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  #41  
Old 10-24-2012, 02:30 PM
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Beanie Beanie is offline
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Originally Posted by Danefied View Post
This is not how it should go - JMO. Even though I do allow teeth on skin and my dogs are mouthy, tug games have strict rules about teeth touching skin. You bite me, even by accident choking up on the tug, game ends. "Poking" him while he's tugging sounds more like you're instigating, encouraging him to redirect on to you. I would NOT do that any more.
Just to add to this... I am quite rough with Payton when we tug, I smack his sides and push him around. But he never bites or nips unless it's an accident, and yes, if he accidentally gets me, the game is over. Self control is something I've worked on a LOT with him, and it's out of necessity.

When you "poke" him and he bites you - "nip" or otherwise - and you then go back to a rousing game of tug, you've just rewarded him for biting you. I agree that you have inadvertently encouraged your dog to redirect on you. No more of that in the game.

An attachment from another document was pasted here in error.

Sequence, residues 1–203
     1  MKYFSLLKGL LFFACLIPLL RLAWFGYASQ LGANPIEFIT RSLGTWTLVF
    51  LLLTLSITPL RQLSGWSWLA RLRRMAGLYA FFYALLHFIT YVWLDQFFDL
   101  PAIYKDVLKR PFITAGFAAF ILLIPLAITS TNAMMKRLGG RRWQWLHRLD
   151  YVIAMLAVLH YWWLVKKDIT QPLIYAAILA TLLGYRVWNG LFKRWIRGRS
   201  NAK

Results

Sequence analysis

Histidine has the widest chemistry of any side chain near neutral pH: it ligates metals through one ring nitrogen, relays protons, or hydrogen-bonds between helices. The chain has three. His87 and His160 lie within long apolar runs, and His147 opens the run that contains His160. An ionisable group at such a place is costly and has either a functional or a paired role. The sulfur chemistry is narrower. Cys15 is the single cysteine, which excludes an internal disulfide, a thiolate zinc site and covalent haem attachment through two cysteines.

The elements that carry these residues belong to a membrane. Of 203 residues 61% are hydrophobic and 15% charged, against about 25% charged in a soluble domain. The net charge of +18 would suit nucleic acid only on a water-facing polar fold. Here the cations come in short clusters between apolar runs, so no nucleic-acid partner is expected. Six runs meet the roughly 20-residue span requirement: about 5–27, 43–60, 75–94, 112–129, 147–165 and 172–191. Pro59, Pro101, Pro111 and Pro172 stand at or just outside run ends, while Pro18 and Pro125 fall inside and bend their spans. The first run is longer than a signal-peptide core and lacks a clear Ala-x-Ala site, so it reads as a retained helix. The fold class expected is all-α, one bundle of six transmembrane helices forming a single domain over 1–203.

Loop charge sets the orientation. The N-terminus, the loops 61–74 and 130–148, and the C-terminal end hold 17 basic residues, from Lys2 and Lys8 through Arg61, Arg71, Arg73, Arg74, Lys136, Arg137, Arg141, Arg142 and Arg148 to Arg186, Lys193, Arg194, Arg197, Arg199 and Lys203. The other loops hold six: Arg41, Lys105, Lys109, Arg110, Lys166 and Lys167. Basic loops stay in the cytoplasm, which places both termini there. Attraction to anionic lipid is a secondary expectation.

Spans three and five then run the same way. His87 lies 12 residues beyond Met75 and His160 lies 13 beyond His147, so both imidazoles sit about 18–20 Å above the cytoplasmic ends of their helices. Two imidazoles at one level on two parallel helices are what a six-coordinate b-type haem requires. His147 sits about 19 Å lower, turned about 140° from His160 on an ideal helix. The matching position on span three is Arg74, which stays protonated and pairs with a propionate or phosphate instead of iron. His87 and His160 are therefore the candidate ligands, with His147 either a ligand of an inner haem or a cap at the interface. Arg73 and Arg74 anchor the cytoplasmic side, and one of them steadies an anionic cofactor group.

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  #42  
Old 10-24-2012, 03:31 PM
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Chloe is one of those dogs that gets overstimulated in play, and then resorts to being VERY physical. I used to be able to have structured rough housing with her, but the past few times I've been at the house and played with her I've had to stop due to her getting wound up to the point I'm afraid I'm going to end up with a nasty bite. Always before I could tell she was in control of herself; I might get nipped hard, but it was still all in play. This past time it wasn't play, but borderline outright aggression where if she was going to bite, it would have been for real. So from now on, playtime with her is completely structured. Fetch with a little bit of tug slipped in, but she has to perform commands while we're playing. (I say "sit", she sits, I throw toy, she gets toy and brings toy back, we play tug with toy for a few seconds, I say "drop it", she drops it, I say "down", she downs, I throw toy...) She has fun and enjoys what we're doing, but it stays "low key" for her and she doesn't get over stimulated.